By now, we all know what it takes to become successful: as Malcolm Gladwell revealed in Outliers: The Story of Success, with a steady diet of 10,000 hours’ practice, we can become experts in our field. And yet, examples abound of novices who dive in and thrash the competition. What did Reed Hastings know about video rentals before starting Netflix? Very little, just as Jeff Bezos was inexperienced in book sales before he launched Amazon. How did they evade this iron-clad law?
In The Click Moment: Seizing Opportunity in an Unpredictable World, Frans Johansson offers an explanation. The 10,000 hour rule works well, he says, only in environments in which “the rules don’t change and you can figure out what you need to do and do it better than anyone else.” If you want to become a classical musician, a tennis star, or a chess Grand Master, starting early and getting in your hours is essential. But most fields aren’t like that. Instead, he says, “many of us don’t know what we need to do,” particularly in fast-changing industries like technology – or fields that are impacted by it. “Sometimes when the rules change, the unexpected can become our friend,” allowing newcomers with insight (like Hastings or Bezos) to succeed where others have not. “That’s why we have to invite the unexpected, rather than keeping it at bay.”
In general, says Johansson, the business world thinks about success in the wrong way – with the mentality that “if I think about it hard enough, it’ll get done.” Strategy and analytics will only take you so far, he says. “The reality of success is that it has far more to do with the unexpected, and with serendipity and chance encounters. There are specific serendipitous moments that’ll take your career or your organization and veer it in one direction, and almost all careers or companies have that moment – the click moment. Maybe they accept that idea with [regards to] romantic love,” he says, but not in business.
Yet making the effort to increase your exposure to serendipity is increasingly mandatory in today’s fast-moving society. “In the 1990s, I could take something happening in Sweden and bring it to the U.S., or vice versa,” says the Scandinavian-born Johansson. “But today it’s much harder to do that; people in the U.S. and Sweden are Facebook friends, and people will know about [new developments]. These connections are speeding things up. You might think, ‘I’ve seen it work here, let’s try it there,’ but 40 other people have that thought.” If everyone is on the same logical path, the only way to stand out, he says, is to “harness unpredictability.” So how do you do it?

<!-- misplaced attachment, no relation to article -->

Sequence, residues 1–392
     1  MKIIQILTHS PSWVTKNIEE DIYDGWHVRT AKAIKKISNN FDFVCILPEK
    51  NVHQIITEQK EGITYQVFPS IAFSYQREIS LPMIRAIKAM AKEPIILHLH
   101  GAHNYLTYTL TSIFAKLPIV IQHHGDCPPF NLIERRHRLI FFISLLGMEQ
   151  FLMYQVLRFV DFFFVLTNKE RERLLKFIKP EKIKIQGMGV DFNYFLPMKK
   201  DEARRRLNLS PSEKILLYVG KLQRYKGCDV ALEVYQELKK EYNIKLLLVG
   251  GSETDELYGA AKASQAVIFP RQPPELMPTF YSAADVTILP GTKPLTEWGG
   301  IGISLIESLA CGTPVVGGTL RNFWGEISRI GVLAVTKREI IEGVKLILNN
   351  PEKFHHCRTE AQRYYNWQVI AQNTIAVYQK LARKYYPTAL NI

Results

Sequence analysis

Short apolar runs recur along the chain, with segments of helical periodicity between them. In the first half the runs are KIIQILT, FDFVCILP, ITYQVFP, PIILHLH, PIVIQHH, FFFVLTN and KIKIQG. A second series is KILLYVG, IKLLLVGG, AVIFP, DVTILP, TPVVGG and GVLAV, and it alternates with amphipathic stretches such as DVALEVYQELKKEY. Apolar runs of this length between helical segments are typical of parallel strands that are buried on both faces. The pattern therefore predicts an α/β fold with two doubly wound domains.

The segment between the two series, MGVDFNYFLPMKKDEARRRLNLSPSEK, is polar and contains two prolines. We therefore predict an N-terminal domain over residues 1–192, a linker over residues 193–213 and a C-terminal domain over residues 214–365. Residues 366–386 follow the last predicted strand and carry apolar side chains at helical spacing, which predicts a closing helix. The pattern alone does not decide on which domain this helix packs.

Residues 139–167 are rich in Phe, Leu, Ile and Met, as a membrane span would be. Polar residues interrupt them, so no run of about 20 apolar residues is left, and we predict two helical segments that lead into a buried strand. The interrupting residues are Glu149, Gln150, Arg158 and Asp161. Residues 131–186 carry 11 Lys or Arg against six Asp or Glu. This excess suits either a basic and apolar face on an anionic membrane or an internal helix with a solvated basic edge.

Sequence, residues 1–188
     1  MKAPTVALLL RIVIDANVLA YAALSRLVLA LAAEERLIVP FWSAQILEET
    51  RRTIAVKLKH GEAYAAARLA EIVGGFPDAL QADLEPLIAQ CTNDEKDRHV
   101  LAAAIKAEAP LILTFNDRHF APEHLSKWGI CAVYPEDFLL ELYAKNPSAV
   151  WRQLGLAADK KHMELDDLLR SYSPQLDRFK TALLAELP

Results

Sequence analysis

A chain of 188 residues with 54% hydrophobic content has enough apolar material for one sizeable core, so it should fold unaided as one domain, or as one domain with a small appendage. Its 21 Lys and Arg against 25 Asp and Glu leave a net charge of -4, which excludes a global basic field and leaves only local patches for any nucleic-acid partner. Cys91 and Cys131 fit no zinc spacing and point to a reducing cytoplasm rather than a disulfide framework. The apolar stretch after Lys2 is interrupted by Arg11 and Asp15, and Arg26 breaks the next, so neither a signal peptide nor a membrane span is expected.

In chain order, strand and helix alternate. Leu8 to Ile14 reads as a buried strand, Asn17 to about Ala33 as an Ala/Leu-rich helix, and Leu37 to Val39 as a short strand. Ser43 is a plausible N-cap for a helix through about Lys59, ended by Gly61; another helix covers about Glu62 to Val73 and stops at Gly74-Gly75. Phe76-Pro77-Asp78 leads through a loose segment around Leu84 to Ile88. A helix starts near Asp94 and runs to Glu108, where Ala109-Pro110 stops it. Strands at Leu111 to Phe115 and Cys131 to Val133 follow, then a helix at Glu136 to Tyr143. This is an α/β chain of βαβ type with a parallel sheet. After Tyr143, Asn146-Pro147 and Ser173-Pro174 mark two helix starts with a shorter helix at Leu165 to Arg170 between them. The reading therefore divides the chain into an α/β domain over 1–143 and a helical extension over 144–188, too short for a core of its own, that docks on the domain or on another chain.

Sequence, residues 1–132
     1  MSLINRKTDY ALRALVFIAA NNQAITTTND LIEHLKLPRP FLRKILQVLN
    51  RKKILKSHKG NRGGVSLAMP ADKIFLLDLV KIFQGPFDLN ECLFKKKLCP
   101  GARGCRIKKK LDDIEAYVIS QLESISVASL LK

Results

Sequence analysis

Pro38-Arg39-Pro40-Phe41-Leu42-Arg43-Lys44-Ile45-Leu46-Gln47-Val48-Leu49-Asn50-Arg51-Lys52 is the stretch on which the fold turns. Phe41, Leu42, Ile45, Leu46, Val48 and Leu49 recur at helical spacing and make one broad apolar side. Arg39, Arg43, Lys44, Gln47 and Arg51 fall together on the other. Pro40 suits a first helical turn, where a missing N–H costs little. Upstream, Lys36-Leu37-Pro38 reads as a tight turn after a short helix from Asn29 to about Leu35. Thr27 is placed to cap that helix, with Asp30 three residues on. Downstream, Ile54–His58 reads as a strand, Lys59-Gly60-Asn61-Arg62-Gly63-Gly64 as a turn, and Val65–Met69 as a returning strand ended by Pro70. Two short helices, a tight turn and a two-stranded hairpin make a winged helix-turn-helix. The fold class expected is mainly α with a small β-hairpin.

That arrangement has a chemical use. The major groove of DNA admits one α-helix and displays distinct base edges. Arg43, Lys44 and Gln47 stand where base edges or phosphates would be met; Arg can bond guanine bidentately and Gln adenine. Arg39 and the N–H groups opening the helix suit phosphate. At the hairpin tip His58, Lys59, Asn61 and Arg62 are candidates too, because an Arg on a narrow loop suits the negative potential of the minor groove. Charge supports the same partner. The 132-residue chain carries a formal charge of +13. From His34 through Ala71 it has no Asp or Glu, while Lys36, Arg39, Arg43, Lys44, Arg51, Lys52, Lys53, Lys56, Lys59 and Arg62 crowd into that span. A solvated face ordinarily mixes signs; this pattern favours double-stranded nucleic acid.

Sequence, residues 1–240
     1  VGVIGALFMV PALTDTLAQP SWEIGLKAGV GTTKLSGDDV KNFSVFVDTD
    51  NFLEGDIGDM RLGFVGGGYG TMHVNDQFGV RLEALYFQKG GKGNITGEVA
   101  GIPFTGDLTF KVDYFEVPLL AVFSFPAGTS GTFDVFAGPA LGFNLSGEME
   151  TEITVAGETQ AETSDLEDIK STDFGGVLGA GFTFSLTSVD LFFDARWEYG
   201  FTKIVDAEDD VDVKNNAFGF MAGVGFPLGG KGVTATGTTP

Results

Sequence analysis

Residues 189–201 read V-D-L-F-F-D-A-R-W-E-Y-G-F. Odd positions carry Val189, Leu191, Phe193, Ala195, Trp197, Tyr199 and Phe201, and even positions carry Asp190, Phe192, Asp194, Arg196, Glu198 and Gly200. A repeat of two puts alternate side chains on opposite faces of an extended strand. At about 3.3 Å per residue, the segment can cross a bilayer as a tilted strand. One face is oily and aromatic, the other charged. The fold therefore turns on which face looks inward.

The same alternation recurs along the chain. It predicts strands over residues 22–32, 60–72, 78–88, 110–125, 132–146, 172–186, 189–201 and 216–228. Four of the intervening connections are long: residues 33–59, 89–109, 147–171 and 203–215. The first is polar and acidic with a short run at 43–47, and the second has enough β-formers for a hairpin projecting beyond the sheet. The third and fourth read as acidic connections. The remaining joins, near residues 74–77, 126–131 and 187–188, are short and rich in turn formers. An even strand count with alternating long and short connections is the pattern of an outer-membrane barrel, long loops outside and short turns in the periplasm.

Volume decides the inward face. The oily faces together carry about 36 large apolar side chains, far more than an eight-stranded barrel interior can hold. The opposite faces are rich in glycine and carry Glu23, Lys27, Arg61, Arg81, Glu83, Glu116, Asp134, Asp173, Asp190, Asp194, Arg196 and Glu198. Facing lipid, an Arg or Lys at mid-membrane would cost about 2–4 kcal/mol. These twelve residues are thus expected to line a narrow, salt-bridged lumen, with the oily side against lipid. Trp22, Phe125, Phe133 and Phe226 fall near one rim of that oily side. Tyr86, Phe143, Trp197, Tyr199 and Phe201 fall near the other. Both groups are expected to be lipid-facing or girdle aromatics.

To create better ideas, he says, the first step is creating more ideas. “People who change the world try to execute far more ideas,” he says. “Picasso ended up with 50,000 paintings, and that relates to unpredictability – if you could foresee what would be important, you wouldn’t waste time with things people didn’t think were worthwhile.”
Another key driver of innovation is having a broad range of perspectives at the table. “Diverse teams create far more ideas, an exponential increase,” he says. “If you can make a unique connection, that can lead to 30 more ideas right away. Better ideas come from further apart.” Indeed, he says, “Diversity drives innovation, and if you’re better at diversity, you have an edge.”
In your own life, says Johansson, you should ask yourself: “Are the people you work with always the logical choice?” If so, you might be in an inadvertent rut. Even if you think you don’t know a diverse array of people, Johansson says “we’re always encountering people who are different from us,” whether it’s people on airplanes or extended relatives with vastly different vocations. Too often, he says, we shut down those encounters prematurely. “You’re often trying to figure out what the end goal in the conversation is – and you ignore [the connection] if you’re not sure of the end goal.” But that can be a costly mistake. “If everything is planned in your day, by definition, that’s preventing something unplanned from happening.”
Finally, he says, we have to be willing to fail. After all, most new ideas don’t work, and that’s OK, as long as you’ve limited your risk with “little bets.” Notes Johansson, “With Angry Birds, there were 51 [less successful] games before it. Many times, you do things where you can’t fail. People say, ‘I’ll do research.’ But how can you fail at that? It’s important to put yourself out there.”
Where do you get your best ideas? Do you believe you can increase the amount of serendipity in your life – and if so, how do you do it?
This post originally appeared on the Forbes website on July 15, 2013.
Dorie Clark is CEO of Clark Strategic Communications and the author of Reinventing You: Define Your Brand, Imagine Your Future (Harvard Business Review Press, 2013). She is a strategy consultant who has worked with clients including Google, Yale University, and the Ford Foundation. Listen to her podcasts or follow her on Twitter.